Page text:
A day care provider acts as a caregiver to children whose parents are working, need extra child care support, or wish for their children to develop social skills by interacting with other young people. The primary role of a day care provider is giving care rather than implementing a formal educational curriculum, although many of the activities they engage their clients in may have educational value. There are three principal types of day care providers: those who work for a single family, those who provide care to one or more children from their own homes, and those who work in a day care center.
Some day care providers work for a single family. Often called a nanny, this type of day care employee provides a range of custodial and domestic services to the child or children with whom she works. She may change diapers, attend to feedings, and take her charges for walks. In the case of older children, she may help with homework, arrange outings, provide transportation to and from school and extracurricular activities, and prepare meals. A nanny may be provided with room and board at the home in which she works or she may travel to work each day.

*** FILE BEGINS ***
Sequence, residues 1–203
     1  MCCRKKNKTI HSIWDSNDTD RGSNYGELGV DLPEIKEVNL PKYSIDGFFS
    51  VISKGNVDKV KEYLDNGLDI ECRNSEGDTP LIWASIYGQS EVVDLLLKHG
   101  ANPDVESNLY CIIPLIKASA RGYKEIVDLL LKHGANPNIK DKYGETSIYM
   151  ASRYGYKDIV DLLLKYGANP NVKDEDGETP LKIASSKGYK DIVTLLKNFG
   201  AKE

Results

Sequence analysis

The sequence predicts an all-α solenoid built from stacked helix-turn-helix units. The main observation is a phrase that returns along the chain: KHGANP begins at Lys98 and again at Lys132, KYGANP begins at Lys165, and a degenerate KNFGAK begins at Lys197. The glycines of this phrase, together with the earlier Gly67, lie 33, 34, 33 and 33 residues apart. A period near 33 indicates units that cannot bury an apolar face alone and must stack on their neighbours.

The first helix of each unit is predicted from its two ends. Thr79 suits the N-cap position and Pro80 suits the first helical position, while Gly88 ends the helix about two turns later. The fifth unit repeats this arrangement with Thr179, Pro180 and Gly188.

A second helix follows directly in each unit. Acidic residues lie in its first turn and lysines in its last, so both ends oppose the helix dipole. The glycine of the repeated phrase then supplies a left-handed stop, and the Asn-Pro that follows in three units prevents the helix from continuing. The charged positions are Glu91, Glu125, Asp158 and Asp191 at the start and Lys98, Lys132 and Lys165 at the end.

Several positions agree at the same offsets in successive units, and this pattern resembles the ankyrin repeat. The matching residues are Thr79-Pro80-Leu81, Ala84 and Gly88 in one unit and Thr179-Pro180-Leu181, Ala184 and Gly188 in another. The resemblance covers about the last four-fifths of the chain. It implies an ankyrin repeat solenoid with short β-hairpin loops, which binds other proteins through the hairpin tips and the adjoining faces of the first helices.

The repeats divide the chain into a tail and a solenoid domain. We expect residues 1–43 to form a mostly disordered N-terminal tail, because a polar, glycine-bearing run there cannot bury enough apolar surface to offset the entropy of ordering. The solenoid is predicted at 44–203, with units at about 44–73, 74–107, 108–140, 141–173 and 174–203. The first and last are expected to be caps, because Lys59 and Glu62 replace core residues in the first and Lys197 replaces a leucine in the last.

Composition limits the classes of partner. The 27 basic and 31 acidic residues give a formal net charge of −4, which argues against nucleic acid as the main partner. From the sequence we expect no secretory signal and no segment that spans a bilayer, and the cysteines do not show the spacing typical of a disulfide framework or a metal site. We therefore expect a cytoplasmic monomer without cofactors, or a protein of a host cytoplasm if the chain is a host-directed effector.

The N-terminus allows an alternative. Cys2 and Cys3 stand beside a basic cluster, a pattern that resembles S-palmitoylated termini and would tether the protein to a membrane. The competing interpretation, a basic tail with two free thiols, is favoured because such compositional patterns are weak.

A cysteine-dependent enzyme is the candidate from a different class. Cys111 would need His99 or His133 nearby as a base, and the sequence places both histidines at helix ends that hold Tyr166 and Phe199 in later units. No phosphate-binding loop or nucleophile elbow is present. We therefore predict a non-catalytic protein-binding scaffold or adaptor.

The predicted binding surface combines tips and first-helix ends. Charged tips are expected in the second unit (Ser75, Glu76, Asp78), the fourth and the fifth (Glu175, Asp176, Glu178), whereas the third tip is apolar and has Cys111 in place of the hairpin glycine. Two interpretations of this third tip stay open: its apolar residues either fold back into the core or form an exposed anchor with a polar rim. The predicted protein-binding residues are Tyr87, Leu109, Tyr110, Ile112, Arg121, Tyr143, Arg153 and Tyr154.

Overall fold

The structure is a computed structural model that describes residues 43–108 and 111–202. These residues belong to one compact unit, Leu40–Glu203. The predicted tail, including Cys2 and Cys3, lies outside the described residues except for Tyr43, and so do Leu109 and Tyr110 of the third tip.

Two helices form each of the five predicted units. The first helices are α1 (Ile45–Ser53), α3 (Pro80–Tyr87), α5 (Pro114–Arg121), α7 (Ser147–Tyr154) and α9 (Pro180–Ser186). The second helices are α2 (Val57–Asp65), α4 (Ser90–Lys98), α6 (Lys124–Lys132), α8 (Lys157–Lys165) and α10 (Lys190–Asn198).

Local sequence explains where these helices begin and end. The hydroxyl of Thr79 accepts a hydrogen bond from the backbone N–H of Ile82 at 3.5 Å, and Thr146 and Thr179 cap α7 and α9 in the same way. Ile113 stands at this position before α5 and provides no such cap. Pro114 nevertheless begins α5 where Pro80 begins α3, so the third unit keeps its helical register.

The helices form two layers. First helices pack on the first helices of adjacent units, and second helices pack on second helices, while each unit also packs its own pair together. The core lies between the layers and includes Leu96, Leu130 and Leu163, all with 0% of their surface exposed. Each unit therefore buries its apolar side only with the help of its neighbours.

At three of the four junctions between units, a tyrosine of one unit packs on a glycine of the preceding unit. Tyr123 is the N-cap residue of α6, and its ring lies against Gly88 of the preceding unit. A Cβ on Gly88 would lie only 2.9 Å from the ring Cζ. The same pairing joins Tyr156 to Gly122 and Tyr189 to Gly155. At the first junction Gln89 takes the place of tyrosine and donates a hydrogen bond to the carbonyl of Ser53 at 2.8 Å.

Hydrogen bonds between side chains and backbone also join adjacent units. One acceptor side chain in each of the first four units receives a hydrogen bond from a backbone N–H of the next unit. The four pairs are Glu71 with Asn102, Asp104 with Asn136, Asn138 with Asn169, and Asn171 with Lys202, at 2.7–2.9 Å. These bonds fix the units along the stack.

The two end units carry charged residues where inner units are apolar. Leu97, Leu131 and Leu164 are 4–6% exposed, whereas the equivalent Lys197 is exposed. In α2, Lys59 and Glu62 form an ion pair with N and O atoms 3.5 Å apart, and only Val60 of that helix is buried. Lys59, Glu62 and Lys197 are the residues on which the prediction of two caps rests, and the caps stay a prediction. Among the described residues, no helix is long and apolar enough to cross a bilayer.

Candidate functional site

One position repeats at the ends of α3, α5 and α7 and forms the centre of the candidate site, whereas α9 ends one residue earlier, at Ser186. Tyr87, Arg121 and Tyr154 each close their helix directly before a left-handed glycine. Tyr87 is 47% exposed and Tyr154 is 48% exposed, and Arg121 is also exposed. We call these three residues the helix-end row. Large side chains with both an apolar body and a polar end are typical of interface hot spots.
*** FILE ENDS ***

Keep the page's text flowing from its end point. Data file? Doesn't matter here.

The second type of day care provider attends to one or more children in her own home, which has been suitably adapted to child needs and safety. She may provide all-day care to infants and very young children, morning and evening care to school-age clients, or a mixture of both. During the time that her clients are in her care, she usually attends to needs like meals, diaper changes, and naptime, addresses conflict, and introduces play activities. Her clients are usually dropped off at her house and later picked up by a parent or other authorized adult. Some states require this type of day care provider to be licensed and limit the number of children she can supervise without hiring additional help.
Another type of day care provider works in a day care center. As with care given in the provider’s home, these centers may provide before- and after-school supervision as well as all-day care to very young children. Day care centers may take in large numbers of clients, and those employed by a center often work as part of a team of carers. They attend to the physical and emotional needs of each client, prevent conflict and address improper behavior, and organize fun and sometimes educational activities. Employees of government-funded day care centers are often required to have some formal child care training, which can include courses in education and child development or completion of a certification program.